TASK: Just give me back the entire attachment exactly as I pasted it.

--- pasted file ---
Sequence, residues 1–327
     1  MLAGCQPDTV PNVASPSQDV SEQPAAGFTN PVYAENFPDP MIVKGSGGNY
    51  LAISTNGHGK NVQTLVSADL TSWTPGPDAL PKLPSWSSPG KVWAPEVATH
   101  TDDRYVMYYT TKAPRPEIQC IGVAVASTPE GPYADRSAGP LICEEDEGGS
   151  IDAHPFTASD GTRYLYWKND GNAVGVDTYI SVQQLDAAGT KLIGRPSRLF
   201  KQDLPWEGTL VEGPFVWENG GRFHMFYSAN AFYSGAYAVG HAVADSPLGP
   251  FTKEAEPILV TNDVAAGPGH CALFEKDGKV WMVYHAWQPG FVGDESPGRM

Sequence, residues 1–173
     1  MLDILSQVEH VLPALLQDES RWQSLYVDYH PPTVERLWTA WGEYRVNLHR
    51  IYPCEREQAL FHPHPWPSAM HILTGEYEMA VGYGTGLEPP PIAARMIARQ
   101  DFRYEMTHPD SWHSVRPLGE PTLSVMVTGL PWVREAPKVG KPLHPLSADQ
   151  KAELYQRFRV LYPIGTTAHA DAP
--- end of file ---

Sequence, residues 1–327
     1  MLAGCQPDTV PNVASPSQDV SEQPAAGFTN PVYAENFPDP MIVKGSGGNY
    51  LAISTNGHGK NVQTLVSADL TSWTPGPDAL PKLPSWSSPG KVWAPEVATH
   101  TDDRYVMYYT TKAPRPEIQC IGVAVASTPE GPYADRSAGP LICEEDEGGS
   151  IDAHPFTASD GTRYLYWKND GNAVGVDTYI SVQQLDAAGT KLIGRPSRLF
   201  KQDLPWEGTL VEGPFVWENG GRFHMFYSAN AFYSGAYAVG HAVADSPLGP
   251  FTKEAEPILV TNDVAAGPGH CALFEKDGKV WMVYHAWQPG FVGDESPGRM

Sequence, residues 1–173
     1  MLDILSQVEH VLPALLQDES RWQSLYVDYH PPTVERLWTA WGEYRVNLHR
    51  IYPCEREQAL FHPHPWPSAM HILTGEYEMA VGYGTGLEPP PIAARMIARQ
   101  DFRYEMTHPD SWHSVRPLGE PTLSVMVTGL PWVREAPKVG KPLHPLSADQ
   151  KAELYQRFRV LYPIGTTAHA DAP